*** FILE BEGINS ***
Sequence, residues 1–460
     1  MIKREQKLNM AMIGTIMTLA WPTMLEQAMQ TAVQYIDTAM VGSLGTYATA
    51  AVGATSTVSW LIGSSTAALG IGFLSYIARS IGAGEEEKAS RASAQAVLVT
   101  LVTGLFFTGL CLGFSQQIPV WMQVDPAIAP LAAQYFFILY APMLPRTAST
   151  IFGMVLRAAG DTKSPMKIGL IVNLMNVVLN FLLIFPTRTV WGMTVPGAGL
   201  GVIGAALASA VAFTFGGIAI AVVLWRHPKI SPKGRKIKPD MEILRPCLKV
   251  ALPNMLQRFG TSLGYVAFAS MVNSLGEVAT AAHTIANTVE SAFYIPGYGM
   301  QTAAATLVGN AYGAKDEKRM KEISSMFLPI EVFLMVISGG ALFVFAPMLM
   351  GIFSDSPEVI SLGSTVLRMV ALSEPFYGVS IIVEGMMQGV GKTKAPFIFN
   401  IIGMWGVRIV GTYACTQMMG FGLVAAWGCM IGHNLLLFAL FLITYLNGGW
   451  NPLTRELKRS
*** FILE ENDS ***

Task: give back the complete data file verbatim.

Sequence, residues 1–460
     1  MIKREQKLNM AMIGTIMTLA WPTMLEQAMQ TAVQYIDTAM VGSLGTYATA
    51  AVGATSTVSW LIGSSTAALG IGFLSYIARS IGAGEEEKAS RASAQAVLVT
   101  LVTGLFFTGL CLGFSQQIPV WMQVDPAIAP LAAQYFFILY APMLPRTAST
   151  IFGMVLRAAG DTKSPMKIGL IVNLMNVVLN FLLIFPTRTV WGMTVPGAGL
   201  GVIGAALASA VAFTFGGIAI AVVLWRHPKI SPKGRKIKPD MEILRPCLKV
   251  ALPNMLQRFG TSLGYVAFAS MVNSLGEVAT AAHTIANTVE SAFYIPGYGM
   301  QTAAATLVGN AYGAKDEKRM KEISSMFLPI EVFLMVISGG ALFVFAPMLM
   351  GIFSDSPEVI SLGSTVLRMV ALSEPFYGVS IIVEGMMQGV GKTKAPFIFN
   401  IIGMWGVRIV GTYACTQMMG FGLVAAWGCM IGHNLLLFAL FLITYLNGGW
   451  NPLTRELKRS